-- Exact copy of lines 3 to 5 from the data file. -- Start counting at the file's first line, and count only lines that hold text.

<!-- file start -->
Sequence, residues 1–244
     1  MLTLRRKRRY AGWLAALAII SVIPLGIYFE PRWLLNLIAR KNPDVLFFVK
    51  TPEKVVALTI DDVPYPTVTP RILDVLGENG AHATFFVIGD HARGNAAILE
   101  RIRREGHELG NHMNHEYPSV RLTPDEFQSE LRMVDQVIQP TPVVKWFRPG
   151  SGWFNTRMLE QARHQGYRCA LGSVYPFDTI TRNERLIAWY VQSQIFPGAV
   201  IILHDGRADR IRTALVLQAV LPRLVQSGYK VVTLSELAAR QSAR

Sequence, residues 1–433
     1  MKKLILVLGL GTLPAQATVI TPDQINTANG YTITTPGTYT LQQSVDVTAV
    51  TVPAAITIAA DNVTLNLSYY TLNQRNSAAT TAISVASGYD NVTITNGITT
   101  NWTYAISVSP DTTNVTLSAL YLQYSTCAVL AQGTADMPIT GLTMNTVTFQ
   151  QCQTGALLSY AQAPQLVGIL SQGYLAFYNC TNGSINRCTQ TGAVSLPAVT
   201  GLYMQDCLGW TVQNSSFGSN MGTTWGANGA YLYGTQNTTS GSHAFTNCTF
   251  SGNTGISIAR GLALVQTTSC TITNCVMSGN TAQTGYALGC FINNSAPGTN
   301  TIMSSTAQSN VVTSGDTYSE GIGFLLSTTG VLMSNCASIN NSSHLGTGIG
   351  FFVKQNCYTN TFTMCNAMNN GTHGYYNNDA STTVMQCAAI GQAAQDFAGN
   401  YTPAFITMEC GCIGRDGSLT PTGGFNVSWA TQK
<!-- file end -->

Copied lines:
    51  TPEKVVALTI DDVPYPTVTP RILDVLGENG AHATFFVIGD HARGNAAILE
   101  RIRREGHELG NHMNHEYPSV RLTPDEFQSE LRMVDQVIQP TPVVKWFRPG
   151  SGWFNTRMLE QARHQGYRCA LGSVYPFDTI TRNERLIAWY VQSQIFPGAV